At one point, Cardinal Kurt Koch, the head of the Pontifical Council for Promoting Christian Unity, said that in the past both groups had "accepted that the Gospel was mixed with the political and economic interests of those in power."
"Their failures resulted in the deaths of hundreds of thousands of people," said Koch. "We deeply regret the evil things that Catholics and Lutherans have mutually done to each other."
Francis and Junge were reflecting in their homilies during the Lund service on a reading from John's Gospel. The Lutheran Archbishop of Uppsala Antje Jackelen, who is a woman and the primate of the Church of Sweden, read the Gospel aloud at the service.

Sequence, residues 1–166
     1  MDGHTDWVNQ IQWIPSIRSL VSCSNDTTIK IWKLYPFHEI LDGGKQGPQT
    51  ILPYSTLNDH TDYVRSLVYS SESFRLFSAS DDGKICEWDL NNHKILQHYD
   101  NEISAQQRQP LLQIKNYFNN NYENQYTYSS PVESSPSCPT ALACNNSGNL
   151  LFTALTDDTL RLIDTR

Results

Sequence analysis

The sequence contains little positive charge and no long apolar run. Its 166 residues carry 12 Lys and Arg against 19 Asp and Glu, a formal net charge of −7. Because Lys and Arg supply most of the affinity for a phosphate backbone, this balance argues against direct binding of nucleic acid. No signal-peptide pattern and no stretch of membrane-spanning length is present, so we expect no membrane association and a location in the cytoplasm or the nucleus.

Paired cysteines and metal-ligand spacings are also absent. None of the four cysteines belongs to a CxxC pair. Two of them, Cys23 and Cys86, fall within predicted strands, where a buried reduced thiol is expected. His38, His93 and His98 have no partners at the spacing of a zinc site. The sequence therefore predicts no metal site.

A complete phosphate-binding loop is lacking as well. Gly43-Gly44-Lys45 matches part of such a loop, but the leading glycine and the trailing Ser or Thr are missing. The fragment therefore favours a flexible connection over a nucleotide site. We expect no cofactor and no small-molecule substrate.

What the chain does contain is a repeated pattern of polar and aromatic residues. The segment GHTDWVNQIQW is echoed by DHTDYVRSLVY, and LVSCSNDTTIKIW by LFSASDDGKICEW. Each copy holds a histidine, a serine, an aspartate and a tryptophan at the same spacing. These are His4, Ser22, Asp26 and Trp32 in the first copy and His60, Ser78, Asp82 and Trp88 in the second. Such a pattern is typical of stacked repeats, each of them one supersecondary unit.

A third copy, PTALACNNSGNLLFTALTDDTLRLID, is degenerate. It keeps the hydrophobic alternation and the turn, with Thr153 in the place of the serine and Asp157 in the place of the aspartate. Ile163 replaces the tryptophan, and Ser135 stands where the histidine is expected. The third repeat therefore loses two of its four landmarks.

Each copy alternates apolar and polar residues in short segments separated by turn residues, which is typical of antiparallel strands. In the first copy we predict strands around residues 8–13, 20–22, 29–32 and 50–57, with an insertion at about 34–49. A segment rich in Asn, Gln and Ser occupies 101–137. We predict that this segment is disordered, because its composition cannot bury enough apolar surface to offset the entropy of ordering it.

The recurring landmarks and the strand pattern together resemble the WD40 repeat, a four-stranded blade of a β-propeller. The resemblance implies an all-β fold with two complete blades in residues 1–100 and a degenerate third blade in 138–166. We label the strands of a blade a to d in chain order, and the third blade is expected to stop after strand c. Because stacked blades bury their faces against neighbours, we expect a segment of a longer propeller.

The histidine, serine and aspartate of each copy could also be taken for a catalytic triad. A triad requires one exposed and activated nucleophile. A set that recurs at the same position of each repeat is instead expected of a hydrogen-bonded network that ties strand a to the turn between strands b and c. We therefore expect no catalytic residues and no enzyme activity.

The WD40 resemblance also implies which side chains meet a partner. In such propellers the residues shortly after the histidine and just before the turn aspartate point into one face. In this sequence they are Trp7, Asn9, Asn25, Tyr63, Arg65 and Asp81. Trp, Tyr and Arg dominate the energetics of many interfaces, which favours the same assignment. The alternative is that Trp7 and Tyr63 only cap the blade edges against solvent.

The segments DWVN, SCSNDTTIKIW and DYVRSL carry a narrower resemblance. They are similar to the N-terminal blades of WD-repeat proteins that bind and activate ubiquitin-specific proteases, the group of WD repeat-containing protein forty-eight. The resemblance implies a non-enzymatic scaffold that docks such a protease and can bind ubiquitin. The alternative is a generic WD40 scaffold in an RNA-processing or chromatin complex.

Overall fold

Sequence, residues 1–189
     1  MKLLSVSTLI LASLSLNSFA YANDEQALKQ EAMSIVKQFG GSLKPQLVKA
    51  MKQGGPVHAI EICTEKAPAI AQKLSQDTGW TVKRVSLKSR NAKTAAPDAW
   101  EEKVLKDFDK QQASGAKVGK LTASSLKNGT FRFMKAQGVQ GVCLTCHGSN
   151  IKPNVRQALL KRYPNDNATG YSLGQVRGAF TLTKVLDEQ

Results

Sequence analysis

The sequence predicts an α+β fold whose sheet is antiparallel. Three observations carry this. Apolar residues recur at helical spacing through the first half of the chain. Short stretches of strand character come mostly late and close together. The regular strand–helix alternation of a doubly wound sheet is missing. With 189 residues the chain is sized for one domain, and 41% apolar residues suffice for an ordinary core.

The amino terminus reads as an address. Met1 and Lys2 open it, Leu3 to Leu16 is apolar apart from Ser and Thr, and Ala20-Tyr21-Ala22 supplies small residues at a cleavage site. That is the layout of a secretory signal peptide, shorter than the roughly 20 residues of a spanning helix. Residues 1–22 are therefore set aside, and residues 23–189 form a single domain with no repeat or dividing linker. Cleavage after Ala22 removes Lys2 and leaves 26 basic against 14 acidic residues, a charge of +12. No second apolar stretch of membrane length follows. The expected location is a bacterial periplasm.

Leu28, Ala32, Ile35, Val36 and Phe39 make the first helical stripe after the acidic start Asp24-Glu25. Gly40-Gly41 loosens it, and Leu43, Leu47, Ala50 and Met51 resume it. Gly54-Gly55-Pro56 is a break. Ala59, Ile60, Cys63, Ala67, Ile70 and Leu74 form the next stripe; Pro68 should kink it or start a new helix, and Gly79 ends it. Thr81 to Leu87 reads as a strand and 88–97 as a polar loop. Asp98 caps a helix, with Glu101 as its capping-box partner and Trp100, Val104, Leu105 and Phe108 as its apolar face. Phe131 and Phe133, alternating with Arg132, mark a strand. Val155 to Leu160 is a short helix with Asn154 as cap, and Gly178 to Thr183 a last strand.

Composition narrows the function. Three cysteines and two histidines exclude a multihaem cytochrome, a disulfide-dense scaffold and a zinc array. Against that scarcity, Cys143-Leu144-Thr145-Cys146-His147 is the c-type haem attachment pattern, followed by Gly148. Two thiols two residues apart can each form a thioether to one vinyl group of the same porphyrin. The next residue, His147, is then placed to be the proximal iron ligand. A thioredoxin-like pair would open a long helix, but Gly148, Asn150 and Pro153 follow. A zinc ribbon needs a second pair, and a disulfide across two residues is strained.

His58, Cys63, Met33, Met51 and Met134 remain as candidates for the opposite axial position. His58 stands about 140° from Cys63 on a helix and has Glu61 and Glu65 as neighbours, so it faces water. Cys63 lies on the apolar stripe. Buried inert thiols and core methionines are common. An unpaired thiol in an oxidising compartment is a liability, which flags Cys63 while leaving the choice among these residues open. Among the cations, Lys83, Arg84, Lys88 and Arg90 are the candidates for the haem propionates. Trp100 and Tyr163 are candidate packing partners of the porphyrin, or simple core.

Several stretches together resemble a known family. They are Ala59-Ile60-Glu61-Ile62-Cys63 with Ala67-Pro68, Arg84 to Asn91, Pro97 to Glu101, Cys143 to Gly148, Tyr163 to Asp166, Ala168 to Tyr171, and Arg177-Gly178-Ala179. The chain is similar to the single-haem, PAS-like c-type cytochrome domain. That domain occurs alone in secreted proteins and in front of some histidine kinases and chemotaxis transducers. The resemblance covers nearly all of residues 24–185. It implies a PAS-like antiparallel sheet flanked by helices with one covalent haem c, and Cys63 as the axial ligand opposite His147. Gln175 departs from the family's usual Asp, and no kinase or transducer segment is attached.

In an exchange of peace during the service, Francis and Jackelen embraced in a hug.
Just before his visit to Sweden, Francis said in an interview released over the weekend with an Italian Jesuit magazine that he prioritizes ecumenical encounters to show that while the different Christian churches may be formally divided they can still work and pray together.
"If we don't do it, we Christians hurt ourselves by division," he told La Civilta Cattolica.
In the run-up to the visit the pope has also offered praise to Luther, who was excommunicated by Pope Leo X. In a press conference in June, Francis called the German Augustinian priest and theologian a church reformer and said his intentions "were not wrong."
Story updated at 1:05 p.m. CT, Oct. 31.